One of Intel's bigger announcements at the Consumer Electronics Show (CES) in Las Vegas is a physically small and ultra power-efficient development platform that resembles an SD card. It's called Edison and it's designed to work with just about any device, from computers and phones to things like chairs, coffee makers, and whatever developers can conceive. In the short term, however, expect to see Edison become a player in the wearable computing market.
Razer's first foray into the wearable computing market
Gaming peripheral maker Razer has proven on more than one occasion that it isn't afraid to step out of its comfort zone and try its hand at different types of products. This time the company is trying its wrist. Meet the Razer Nabu, a smart band device that "fits technology seamlessly into your daily life." It does this by communicating with your smartphone, but it's far from a one trick pony.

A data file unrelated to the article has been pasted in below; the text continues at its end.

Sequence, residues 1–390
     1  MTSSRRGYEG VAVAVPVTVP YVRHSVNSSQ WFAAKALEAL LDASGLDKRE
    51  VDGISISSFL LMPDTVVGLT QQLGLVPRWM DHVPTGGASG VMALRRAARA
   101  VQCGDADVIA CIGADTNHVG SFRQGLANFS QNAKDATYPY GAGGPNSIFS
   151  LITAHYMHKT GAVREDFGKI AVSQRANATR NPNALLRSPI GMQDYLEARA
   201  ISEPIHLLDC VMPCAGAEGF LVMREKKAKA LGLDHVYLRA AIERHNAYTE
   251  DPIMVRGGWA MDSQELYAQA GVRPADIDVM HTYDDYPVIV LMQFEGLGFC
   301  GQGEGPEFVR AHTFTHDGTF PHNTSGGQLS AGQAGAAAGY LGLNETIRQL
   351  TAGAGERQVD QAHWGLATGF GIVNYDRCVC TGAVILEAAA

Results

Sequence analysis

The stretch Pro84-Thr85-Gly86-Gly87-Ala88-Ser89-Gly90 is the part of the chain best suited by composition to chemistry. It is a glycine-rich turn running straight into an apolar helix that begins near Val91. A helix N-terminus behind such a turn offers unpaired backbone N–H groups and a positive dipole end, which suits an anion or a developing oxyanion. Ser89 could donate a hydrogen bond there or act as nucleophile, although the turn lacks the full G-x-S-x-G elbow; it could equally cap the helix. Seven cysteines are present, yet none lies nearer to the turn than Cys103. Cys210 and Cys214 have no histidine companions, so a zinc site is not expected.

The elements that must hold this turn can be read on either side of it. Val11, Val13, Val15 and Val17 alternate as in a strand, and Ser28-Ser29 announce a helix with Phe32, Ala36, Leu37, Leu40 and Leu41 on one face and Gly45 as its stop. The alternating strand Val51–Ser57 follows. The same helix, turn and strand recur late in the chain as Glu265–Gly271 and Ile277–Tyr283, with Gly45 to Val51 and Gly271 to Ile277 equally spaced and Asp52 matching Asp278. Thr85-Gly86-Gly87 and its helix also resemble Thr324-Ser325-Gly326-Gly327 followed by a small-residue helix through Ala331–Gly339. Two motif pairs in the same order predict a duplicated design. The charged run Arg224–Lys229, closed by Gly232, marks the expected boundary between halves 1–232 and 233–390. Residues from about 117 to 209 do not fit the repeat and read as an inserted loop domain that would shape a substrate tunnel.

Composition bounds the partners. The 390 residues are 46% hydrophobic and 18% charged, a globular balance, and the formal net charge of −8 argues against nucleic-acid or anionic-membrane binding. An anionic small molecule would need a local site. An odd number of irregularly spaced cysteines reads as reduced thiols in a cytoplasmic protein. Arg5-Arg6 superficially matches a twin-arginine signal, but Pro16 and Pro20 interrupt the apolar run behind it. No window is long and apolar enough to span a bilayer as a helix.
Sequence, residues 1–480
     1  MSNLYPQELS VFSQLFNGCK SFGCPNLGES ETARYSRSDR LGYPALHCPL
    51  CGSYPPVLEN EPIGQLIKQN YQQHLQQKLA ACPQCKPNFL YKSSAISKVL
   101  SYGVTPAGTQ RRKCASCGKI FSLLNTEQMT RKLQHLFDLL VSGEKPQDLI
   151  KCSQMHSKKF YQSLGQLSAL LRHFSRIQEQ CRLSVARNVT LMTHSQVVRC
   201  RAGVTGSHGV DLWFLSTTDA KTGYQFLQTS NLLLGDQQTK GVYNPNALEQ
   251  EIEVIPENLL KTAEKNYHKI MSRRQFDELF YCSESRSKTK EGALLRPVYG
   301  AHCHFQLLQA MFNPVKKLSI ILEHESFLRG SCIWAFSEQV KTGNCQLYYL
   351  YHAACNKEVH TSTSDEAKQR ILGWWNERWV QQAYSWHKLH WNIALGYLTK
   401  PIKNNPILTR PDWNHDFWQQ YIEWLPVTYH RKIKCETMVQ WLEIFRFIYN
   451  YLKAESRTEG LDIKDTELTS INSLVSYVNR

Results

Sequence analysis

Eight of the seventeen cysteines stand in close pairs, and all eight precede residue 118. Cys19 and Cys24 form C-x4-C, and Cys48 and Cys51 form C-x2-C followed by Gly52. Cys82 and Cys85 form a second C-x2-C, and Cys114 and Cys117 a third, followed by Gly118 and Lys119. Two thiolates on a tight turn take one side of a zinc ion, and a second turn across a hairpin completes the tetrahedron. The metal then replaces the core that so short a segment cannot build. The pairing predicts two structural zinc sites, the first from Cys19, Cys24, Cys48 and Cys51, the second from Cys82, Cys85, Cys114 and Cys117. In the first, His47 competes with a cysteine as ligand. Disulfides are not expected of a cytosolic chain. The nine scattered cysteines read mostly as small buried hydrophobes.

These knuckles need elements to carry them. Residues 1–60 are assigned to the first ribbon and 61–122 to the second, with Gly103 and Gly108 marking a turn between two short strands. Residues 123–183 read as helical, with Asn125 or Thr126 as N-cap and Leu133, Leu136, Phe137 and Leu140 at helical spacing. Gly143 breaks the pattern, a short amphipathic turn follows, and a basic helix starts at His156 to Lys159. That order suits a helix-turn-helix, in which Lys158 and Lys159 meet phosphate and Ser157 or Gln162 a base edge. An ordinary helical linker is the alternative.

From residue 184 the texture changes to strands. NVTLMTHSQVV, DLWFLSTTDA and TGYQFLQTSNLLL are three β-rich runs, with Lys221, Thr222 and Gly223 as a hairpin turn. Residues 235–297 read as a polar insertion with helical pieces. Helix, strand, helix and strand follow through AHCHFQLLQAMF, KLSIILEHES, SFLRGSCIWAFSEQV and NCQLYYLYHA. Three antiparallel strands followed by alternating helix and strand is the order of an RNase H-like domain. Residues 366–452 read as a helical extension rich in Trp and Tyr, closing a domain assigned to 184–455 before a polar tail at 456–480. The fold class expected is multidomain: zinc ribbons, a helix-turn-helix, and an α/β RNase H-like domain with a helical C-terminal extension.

Dell’s CEO Michael Dell is convinced that if the ailing PC giant is to embark on the long, hard road to recovery, it needs to go private and use the ensuing absence of market scrutiny to freely shift its focus to enterprise products, cloud computing and smart devices. While the fate of Michael Dell’s massive $24.4 billion proposed buyout offer still hangs in the balance, the likes of Sam Burd, Dell's global vice-president of personal computing, are eagerly looking forward to the “transformation.”